Musicians rock. They bring so much joy to our lives with their songs. The downside is that music is pretty much always loud, in fact, many individuals prefer it that way. The musicians themselves are at an increased risk of hearing damage since they are exposed to loud music just about every day.
Whether your living relies on music or not, you’ll still want to be able to hear your favorite songs when you’re pushing 60, 70, or 80. For musicians, safeguarding their hearing is the key to a lengthy and successful career. For the rest of us, hearing protection is the secret to a lifetime of musical enjoyment and enrichment.
Music is surprisingly loud
If you ask most individuals whether a jet engine is loud, they’ll likely say yes.
Is music actually that loud? If you ask somebody whether an acoustic guitar or a lone violin is loud, they might not answer so quickly. Imagine their surprise when they discover the reality: That can also be very loud music! Your ears can even be harmed by classical music which can get to fairly loud volumes.
A violin, for example, can produce sounds in excess of 90 dB. A leaf blower is around this loud. To put that into context, the European Union laws stipulate that any workplace noisier than 85 dB requires the use of hearing protection.
And if you’re working with music on a daily basis, consistent exposure to that kind of volume, particularly without ear protection, can seriously damage your hearing over time.
How can you safeguard your hearing?
Okay, now you recognize that musicians need to protect their hearing (especially if they want to continue rocking out for many years). So how can musicians keep enjoying their music while also safeguarding their hearing?
Here are a couple of tips:
- Take breaks: Your ears are the same as any other part of your body: they can be overworked and will often benefit from a break. So give yourself “hearing breaks” regularly. This will help stop your ears from becoming overpowered with sound (and damage). With regard to hearing, how long you’re exposed is almost as significant as how high the volume is. The difference between the ideal amount of stimulation and too much can come down to taking regular breaks.
- Track your volume: Everybody knows the old saying “knowledge is power”. So it follows that you should always be aware of what levels of sound you’re exposing your ears to. Keeping track of the volume on amps and PA systems is part of it. But you can also purchase a volume meter app for your cellphone to make it convenient to monitor the real-world volume levels your ears are experiencing day in and day out. You will want to make a few changes if the meter consistently detects volumes louder than 85 dB.
Wear ear protection
Needless to say, the single most beneficial thing you can do to protect your hearing is simple: using hearing protection of some kind. Many musicians are hesitant to wear ear protection because they’re concerned it will effect the quality of sound they hear, as well as muting the volume. But depending on what kind of hearing protection you use, that may not always be accurate.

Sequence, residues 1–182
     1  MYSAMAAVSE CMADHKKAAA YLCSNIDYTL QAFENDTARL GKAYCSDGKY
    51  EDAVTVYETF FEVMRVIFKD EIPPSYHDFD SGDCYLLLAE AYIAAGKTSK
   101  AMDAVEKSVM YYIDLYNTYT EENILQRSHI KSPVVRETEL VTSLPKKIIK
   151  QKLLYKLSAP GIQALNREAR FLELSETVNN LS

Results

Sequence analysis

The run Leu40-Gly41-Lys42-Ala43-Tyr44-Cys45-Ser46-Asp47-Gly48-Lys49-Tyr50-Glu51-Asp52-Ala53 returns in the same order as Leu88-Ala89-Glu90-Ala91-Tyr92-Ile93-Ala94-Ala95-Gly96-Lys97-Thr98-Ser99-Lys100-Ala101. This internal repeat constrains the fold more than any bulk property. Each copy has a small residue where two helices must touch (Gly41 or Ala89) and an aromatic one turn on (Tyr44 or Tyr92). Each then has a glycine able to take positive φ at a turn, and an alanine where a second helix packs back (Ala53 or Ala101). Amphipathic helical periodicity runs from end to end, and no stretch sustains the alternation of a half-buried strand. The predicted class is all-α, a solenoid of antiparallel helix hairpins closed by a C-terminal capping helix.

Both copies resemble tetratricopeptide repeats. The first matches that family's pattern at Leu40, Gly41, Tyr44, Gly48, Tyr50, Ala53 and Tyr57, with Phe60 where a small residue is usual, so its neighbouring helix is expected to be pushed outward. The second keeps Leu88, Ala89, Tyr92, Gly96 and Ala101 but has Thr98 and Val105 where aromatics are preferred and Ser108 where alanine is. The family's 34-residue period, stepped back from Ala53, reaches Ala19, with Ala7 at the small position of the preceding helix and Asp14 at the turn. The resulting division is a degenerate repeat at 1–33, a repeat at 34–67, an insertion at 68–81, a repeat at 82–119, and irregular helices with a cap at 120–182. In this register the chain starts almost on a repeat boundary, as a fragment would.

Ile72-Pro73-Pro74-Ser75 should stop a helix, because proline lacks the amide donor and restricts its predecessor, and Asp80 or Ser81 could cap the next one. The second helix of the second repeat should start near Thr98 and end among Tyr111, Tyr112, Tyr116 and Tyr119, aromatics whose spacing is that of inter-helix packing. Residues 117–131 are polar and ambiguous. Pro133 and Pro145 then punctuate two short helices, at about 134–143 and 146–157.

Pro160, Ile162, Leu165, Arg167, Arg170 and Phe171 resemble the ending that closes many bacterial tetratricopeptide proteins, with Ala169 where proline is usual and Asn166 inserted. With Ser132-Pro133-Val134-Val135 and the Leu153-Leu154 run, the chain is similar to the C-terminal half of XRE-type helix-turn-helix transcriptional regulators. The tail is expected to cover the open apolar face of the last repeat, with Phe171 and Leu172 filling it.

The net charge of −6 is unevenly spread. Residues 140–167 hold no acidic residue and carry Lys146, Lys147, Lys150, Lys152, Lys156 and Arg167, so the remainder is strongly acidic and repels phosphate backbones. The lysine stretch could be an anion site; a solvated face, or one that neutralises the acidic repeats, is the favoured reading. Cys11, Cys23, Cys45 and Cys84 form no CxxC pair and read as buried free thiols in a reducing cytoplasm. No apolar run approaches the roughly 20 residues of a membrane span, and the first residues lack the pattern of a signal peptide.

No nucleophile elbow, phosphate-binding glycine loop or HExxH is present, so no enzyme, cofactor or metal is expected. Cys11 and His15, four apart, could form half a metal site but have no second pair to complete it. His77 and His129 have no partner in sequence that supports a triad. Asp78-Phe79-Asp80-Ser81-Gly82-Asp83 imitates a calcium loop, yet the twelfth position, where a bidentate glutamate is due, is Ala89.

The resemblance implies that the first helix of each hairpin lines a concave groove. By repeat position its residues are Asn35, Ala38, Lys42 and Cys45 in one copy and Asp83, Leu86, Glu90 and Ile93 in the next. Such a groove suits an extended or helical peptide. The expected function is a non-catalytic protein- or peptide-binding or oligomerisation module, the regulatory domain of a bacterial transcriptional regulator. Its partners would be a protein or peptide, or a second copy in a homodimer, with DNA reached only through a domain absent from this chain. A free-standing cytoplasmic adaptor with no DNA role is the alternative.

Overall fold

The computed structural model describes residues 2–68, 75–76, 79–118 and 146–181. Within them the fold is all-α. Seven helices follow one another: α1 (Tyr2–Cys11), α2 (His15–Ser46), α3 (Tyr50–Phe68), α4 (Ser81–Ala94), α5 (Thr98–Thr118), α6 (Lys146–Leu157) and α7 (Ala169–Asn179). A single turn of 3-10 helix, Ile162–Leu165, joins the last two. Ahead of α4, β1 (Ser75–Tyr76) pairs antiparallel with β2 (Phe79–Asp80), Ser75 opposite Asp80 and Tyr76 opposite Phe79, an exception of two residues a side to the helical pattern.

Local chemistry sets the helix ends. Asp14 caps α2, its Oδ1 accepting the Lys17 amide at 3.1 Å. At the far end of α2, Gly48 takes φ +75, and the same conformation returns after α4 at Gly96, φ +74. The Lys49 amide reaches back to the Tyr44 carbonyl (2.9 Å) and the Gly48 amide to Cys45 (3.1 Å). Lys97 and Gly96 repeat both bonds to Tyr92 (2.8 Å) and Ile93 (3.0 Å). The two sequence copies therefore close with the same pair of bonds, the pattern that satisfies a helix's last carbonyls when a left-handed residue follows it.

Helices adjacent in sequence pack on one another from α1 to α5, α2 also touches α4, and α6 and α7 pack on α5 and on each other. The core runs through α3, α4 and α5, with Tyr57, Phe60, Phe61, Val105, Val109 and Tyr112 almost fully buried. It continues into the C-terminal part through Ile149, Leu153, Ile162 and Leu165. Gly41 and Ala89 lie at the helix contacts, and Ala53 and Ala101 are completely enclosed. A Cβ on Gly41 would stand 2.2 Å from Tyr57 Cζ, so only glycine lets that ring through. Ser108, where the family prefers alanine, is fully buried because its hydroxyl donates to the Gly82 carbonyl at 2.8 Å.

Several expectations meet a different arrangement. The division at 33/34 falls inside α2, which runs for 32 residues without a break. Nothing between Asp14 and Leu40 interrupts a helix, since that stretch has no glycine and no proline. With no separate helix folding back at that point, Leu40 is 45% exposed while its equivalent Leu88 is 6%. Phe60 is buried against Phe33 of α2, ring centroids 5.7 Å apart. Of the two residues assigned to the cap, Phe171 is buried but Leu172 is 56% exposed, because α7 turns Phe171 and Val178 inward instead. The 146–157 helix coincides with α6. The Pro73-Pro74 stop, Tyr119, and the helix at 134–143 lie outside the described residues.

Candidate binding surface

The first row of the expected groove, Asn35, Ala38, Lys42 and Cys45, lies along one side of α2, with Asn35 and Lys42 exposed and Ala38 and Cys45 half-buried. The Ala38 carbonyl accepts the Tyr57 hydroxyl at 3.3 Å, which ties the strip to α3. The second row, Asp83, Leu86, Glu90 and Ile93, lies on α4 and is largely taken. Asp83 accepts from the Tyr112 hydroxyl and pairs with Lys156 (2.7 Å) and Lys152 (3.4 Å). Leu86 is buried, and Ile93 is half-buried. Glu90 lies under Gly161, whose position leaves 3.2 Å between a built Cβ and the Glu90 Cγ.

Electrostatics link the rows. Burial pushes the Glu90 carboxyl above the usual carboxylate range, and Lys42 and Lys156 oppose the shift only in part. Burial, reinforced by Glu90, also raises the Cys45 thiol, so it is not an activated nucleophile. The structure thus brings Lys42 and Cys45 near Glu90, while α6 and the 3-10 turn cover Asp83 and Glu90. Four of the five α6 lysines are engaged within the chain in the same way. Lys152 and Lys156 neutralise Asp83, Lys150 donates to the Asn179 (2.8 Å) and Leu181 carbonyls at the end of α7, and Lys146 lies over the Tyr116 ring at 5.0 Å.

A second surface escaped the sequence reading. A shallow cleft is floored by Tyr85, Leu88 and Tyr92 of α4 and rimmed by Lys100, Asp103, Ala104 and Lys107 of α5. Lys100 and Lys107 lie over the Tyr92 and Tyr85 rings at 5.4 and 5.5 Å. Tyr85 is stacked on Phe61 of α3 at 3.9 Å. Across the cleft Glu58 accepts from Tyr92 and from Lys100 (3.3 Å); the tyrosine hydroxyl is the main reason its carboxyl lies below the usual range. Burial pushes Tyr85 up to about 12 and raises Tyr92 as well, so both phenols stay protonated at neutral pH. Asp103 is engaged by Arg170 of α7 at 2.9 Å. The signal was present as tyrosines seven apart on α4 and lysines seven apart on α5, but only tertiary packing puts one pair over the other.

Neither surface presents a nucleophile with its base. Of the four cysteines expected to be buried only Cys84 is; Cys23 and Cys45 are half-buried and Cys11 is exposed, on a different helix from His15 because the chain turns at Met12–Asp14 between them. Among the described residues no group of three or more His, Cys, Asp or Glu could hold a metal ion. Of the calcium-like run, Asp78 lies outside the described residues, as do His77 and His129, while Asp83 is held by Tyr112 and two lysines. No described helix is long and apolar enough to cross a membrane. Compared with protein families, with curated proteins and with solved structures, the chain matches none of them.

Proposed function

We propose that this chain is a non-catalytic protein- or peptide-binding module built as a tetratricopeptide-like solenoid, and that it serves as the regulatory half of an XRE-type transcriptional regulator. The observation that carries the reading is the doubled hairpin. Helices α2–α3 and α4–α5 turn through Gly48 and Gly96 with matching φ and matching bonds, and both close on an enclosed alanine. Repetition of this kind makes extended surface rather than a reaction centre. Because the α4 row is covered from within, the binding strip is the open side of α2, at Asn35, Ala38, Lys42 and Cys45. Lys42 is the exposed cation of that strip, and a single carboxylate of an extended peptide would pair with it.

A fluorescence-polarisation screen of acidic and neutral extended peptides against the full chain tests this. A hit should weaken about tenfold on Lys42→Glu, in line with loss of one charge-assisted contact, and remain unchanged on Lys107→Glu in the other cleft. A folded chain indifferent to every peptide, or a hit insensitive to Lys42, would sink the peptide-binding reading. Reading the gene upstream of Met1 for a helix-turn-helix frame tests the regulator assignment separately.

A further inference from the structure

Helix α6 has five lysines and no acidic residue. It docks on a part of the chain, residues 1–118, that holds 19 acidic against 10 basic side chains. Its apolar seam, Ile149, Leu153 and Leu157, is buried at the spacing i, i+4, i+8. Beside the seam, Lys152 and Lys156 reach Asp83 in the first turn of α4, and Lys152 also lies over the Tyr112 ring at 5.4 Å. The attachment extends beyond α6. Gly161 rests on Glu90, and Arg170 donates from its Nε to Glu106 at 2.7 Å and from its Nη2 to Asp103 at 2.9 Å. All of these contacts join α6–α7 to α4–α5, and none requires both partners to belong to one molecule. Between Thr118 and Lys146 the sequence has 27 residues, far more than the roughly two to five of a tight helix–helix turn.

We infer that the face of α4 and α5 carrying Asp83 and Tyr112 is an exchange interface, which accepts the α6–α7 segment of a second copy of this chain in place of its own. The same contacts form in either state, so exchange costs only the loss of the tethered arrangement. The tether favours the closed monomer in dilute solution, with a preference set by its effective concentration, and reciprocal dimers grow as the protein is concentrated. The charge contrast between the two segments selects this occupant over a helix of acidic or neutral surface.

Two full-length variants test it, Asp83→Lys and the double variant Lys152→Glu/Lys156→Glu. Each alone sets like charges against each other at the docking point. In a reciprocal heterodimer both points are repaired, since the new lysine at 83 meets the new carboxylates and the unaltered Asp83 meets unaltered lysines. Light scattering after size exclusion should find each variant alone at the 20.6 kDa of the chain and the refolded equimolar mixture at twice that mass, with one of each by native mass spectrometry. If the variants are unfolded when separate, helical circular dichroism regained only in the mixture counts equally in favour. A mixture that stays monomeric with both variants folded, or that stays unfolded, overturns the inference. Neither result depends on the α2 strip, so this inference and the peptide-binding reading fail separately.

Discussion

- Ear plugs made mainly for musicians: Most people are likely acquainted with disposable ear plugs. They don’t always fit well, but they do reliably block a lot of sound. They aren’t hard to get, don’t cost much, and can be disposed of easily. For musicians, they aren’t a great solution. But earplugs made just for musicians are also available at a slightly higher cost. These earplugs use fancy manufacturing methods (mostly they’re made out of very specific materials and are designed to conform nicely to the ear) to preserve audio fidelity while diminishing the noise you hear by something like 20dB. For musicians who need a moderate amount of protection on a budget, this option is perfect.
- Electronic earplugs: The same basic functionality found in non-electronic earplugs can be found in electronic earplugs. The majority of the sound will be blocked by the earplug itself. But the earplug itself will pipe in the sound you hear. For individuals who work in really noisy settings and need better control of the volume, these earplugs are ideal.
- In-ear monitors: The majority of music is electronic nowadays, or at least amplified by electronics. An in-ear monitor takes those electronic signals and sends them directly to a device placed in your ear (called an in-ear monitor). It’s like a specialized little speaker for your ear, and the majority of monitors can block out sound from the outside environment (thanks to a rather tight fit and specialized design). So you control the volume level and are able to hear sound accurately and clearly. For musicians who electronically amplify their instruments these in-ear-monitors are the perfect answer.
Protect your ears, and protect your career
It’s best to start safeguarding your hearing early, before any substantial damage occurs. With options available at just about every price point, there are easy ways for everybody to safeguard their hearing and their future. Keep in mind, hearing protection for a musician is an investment in your career. By doing so, you will be able to enjoy making music for as long as you want to.
Don’t really know where to begin? Contact us today, we can help!